The NIVA Use Case (UC1b) “agro-environmental monitoring” is computing a biodiversity indicator based on the principle that landscape characteristics (mean field size, crop diversity and richness, quantity of semi-natural elements) influence the achievement of biodiversity potential. Examples of semi-natural elements are hedges, woods, rivers, ponds, rocks, etc. This indicator is computed on the cells on a kilometric grid.
Whereas the first characteristics may be easily derived from IACS, the computation of quantity of semi-natural elements requires external data. Several methods and sources have been envisaged for this computation. The approach that is proposed in the UC1b tool user guide is a negative method considering that the quantity of semi-natural elements is the whole cell area minus the agricultural area (derived from IACS) and minus the artificial elements, such as roads and buildings derived from topographic database.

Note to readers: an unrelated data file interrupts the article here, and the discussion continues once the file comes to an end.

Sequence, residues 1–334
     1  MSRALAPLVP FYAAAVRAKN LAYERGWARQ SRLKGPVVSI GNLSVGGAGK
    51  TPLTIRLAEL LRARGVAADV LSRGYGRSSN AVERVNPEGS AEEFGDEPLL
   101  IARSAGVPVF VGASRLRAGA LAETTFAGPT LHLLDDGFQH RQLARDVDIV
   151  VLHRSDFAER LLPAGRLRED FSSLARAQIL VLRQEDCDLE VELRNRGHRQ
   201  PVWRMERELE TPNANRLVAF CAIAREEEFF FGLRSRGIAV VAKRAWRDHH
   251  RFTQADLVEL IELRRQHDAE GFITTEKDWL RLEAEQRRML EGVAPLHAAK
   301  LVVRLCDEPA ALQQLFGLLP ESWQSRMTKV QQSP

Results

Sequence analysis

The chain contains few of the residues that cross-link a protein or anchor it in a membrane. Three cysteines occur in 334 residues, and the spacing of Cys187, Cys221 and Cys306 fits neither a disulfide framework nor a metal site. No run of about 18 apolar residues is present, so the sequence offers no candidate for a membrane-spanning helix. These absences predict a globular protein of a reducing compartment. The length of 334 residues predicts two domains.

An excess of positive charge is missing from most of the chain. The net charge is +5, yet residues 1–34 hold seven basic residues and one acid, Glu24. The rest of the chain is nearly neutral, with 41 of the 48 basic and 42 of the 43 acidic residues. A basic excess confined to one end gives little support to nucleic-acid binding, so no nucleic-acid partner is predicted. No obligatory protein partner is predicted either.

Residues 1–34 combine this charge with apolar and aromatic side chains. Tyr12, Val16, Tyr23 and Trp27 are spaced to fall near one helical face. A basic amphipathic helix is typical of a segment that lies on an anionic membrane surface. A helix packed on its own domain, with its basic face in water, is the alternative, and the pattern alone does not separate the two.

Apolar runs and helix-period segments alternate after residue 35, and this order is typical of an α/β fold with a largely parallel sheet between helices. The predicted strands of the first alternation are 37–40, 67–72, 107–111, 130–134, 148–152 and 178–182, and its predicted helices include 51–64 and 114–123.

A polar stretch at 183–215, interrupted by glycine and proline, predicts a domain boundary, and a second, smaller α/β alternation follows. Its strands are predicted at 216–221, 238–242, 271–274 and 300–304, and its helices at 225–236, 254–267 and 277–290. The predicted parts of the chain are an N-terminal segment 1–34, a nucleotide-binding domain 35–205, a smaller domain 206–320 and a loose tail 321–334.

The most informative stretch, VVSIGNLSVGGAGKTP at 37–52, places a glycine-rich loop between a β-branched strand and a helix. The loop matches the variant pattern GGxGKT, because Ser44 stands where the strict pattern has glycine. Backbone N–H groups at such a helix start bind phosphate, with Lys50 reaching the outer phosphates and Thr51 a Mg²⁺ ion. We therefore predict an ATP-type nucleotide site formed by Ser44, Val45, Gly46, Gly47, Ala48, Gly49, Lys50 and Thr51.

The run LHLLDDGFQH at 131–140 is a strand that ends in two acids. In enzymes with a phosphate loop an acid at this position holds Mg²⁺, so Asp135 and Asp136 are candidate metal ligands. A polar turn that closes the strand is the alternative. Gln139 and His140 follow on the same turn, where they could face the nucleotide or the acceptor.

The purpose of the training session was to compare the chosen method with alternative sources (large scale Land Cover data, Copernicus data on imperviousness, OSM) and methods (e.g. the positive method consisting in direct selection of semi-natural elements).
Keenan Ouaksel, student in ENSG (French National School of Geographic Sciences), carried some comparison work, both at global level (on a whole administrative unit) and at detailed level on a few cells of the grid. The analysis has shown that the methods based on detailed and authoritative data (IACS, national topographic data, national large scale Land Cover) are the more reliable ones.
Semi-natural elements manually captured from orthoimage in order to provide reference data